How To Sing Better For Guys Part 1
Is Everybody Readyé Well, Alright, then! Let'sGO!!!! Yeah, Yeah, Yeah, Yeah! How to Sing Better for Guys. Welcome to KenTamplin Vocal Academy, where we're going to be discussing How To Sing Better for Guys. Hi, Guys. Ken Tamplin from Ken Tamplin VocalAcademy, and I'm going to teach you a little bit about the voice and voice lessons today. This is Part One in a ThreePart series onHow to Sing Better for Guys. Now, there's a lot of different styles anda lot of different approaches to singing,
so that one subject isn't just how to singbetter for all guys, because it's how to sing better in whatever style you're looking tosing. Well, there are some very basic, nonnegotiables to singing, and I want to point out that mostof the time, not all of the time, but most of the time, guys want to sing harder thangirls. They want to get out there and just belt and wail. .and there's the other side, of R'n'B or Pop guys that are just looking to have somesoul, and some good licks, and some good tone, and good resonance, and stamina, andso forth, AND range, which we all want.
But I want to cover both aspects fairly briefly.I'm going to discuss Rock Singing first, and then I'm going to break into more Pop andR'n'B. So the very first thing is, is that we wantto have awesome posture. You want to sit up straight, or stand up straight, and by theway, when you sit, you lose up to 30% of your strength in your abdomen when you're singing,so I recommend you stand, if you can, but anyway, so you're going to want to stand,and you're going to want to take a breath from your belly, from your abdomen. Insteadof breathing like we do like this, from our chest, we want to breathe from our abdomen,from our belly, and our diaphragm. So you've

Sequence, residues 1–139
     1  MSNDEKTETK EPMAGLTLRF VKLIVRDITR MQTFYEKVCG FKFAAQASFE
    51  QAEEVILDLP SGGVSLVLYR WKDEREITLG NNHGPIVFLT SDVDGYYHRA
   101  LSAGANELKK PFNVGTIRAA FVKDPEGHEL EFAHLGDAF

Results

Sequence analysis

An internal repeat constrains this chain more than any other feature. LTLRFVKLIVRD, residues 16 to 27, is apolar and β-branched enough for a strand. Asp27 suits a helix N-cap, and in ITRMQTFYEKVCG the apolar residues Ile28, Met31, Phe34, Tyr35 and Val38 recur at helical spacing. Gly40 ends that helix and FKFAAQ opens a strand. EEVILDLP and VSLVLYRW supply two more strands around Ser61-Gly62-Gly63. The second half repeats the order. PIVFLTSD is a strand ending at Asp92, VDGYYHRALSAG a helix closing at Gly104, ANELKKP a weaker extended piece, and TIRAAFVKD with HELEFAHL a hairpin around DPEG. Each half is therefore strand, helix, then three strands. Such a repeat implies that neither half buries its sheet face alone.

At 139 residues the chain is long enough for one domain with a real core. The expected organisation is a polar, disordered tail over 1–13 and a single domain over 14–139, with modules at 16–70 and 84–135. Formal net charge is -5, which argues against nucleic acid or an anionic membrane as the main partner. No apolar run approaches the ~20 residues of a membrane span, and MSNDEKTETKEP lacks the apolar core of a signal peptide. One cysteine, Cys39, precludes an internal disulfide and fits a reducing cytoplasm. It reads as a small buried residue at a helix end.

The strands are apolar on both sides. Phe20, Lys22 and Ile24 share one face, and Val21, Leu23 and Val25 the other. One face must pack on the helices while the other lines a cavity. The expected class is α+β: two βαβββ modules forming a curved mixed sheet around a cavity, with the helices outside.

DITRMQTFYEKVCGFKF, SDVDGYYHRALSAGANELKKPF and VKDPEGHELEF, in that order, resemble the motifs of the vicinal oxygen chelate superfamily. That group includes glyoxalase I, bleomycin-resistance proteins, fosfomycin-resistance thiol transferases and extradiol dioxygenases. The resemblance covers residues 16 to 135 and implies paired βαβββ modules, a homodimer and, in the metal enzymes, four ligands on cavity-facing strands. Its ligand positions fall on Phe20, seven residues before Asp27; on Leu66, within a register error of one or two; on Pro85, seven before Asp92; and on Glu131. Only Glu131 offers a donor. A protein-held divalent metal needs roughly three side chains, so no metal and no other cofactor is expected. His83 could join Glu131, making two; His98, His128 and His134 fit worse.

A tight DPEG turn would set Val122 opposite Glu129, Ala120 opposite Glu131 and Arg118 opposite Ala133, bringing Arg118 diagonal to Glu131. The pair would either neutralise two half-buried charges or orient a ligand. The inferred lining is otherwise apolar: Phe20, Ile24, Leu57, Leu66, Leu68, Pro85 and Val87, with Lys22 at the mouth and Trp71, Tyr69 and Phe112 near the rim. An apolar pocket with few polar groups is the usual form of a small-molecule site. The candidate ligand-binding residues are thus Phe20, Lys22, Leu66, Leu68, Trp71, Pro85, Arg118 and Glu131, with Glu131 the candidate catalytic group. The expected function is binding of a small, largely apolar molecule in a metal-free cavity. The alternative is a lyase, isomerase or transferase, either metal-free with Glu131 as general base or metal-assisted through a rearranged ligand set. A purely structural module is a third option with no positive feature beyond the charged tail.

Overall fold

heard a lot about diaphragmatic support, soI'm not going to cover that here, I have some tutorials on my website regarding diaphragmaticsupport, and I have an amazing course called quot;How to Sing Better Than Anyone Elsequot;.So anyway, I want to talk about how to sing better for guys, so we're going to start firstwith this bright quot;PINGquot; in an quot;AHquot;vowel. quot;AH. AH.quot; I coined a phrase, it's called quot;IT'sthe LAH!!! AHHH!!quot; and it's that nice, Open Throat, Bright Ping Sound that keeps us fromsort of choking on our vowel sounds or pinching and squeezing as we go up.Now there's a lot to this but I'm going to just go through the basic elements of thisfirst, and then if you're interested, check out